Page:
We've said it once, and we're gonna say it again: battery life is the only stat that matters any more. Sadly, it's also one of the hardest to nail down in a decent, objective manner. Nonetheless, we corralled together a Russian oligarch's wishlist of handsets, and put them to the test.

Like buses, battery tests should always come in threes. Rather than doing just one which only taxes the power-hungriness of a few components, we ran a couple of different tests that, added together, should give a fair representation of battery use.

 

The Phones

On the torture rack, we had a bevy of the best modern smartphones. (We've given phablets a miss this time round.) Representing Apple was, of course, the iPhone 5; Windows Phone's corner was defended by the Nokia Lumia 920 and its not-quite-replacement, the Lumia 925; BlackBerry's Z10 weighed in for BB10, and the Android crown was a six-way tussle between the HTC One, Sony Xperia Z, LG Nexus 4, Samsung Galaxy S3, Galaxy S4, and the Motorola Razr HD, which is renowned for slightly-longer-than-average battery life.

This time around, we also rooted and flashed a custom ROM (the release candidate of CyanogenMod 10.1, in case you're wondering). Some custom ROMs claim to have better battery life, a brag that seems to be borne out by our real-world testing; it's interesting to see the difference it's made here, though.

 

The Tests

First up was the industry-standard looping of Nyan Cat until battery death. For all our tests, we set the screens on all the devices to a fixed brightness output using a lightmeter (a more objective test than just setting to 65 per cent brightness), loaded up a video over Wi-Fi, and then let the cat bounce until the phones conked out. Everything else -- any push notifications in particular -- were turned off for the duration of the test, since we don't want a tonne of Nigerian spammers fiddling with the results.

 

Speaking of results: the Moto Razr cleaned up on the first test, setting the stage for things to come. The HTC One and iPhone 5 both collect honourable mentions, and the Nexus 4 and Xperia Z scrap it out for last place, with almost half the battery life of the Razr HD.

Next, the handsets tackled another smartphone staple -- web browsing. We had the phones cycle through a series of image-heavy websites, with the same conditions of a constant screen brightness and no pesky notifications.

 

Once again, the Razr HD took first place, though the HTC One managed to claw back second place. Otherwise, the results are fairly similar to the video run-down -- the only notable gain was the Xperia Z, which climbed a couple places to become firmly average.

Our final scrimmage was a standby test, in order to reflect the amount of time your phone spends in your pocket, with the screen off but still merrily working away syncing your emails. To conduct the test, we synced the same dozen email accounts to every handset (including the Giz UK tips line, which is guaranteed to make any push server tremble in fear). There were also Facebook, Twitter and LinkedIn (yeah, so grown-up and professional of us) accounts on all the handsets. Finally, an IM bot spammed messages like a hyperactive teenager on speed.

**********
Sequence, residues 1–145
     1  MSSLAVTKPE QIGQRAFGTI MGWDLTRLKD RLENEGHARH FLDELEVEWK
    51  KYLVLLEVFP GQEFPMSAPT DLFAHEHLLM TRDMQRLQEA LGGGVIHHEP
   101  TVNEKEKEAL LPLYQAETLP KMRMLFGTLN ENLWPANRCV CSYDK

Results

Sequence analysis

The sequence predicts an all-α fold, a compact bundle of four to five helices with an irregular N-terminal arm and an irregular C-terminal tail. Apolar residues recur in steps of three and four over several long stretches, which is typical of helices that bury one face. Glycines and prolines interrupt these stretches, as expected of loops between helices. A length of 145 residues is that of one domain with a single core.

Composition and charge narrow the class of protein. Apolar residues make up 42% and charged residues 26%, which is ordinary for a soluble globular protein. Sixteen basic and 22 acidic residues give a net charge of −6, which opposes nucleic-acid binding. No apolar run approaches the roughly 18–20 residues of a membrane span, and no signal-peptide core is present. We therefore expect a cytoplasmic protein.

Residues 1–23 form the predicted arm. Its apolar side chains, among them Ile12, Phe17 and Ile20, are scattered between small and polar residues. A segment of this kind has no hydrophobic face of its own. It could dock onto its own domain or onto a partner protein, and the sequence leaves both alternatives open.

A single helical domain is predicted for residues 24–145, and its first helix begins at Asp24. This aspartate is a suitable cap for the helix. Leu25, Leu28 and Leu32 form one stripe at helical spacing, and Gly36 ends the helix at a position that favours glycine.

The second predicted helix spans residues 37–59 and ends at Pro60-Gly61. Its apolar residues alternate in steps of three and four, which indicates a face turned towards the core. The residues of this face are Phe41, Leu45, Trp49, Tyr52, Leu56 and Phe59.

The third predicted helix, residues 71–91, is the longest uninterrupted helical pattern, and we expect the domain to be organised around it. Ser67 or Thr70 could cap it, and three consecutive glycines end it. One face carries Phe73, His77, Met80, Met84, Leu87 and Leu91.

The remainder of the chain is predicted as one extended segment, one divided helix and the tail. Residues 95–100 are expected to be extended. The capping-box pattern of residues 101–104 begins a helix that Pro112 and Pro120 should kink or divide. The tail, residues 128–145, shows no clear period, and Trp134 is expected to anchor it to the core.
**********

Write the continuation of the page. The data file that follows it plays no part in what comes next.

The Razr HD scores three for three; the real surprise here is the CyanogenMod-ed Nexus 4, which pulls out a helluva lot more battery life than its stock-running brother.

 

Wrap-Up

There's a clear winner here -- the Moto Razr HD, which came in top in every one of our tests. The HTC One comes second, having beaten out the iPhone 5 in the browsing and standby tests. The clear loser is stock Nexus 4, which was always in the bottom two; the BlackBerry Z10 and Lumia 920 don't exactly score well either.

The surprise this time around, however, is that the CyanogenMod ROM seems to eke substantially more battery life out of the N4 when it's in standby, something we've always suspected but never scientifically tested.

So, if you're after a phone which lasts you a full day, you're most likely heading down the Android or iOS route. Given the HTC One's also a pretty damn fine handset to actually, y'know, use, it would be the logical Android pick, although the Galaxy S4 isn't exactly trailing far behind. For iOS, well, there isn't much choice, but at least you can rest assured the iPhone's up there in terms of battery life.

This article was originally published on the 4th April, but has been updated to reflect the magma-like fluidity of the smartphone market. 


 

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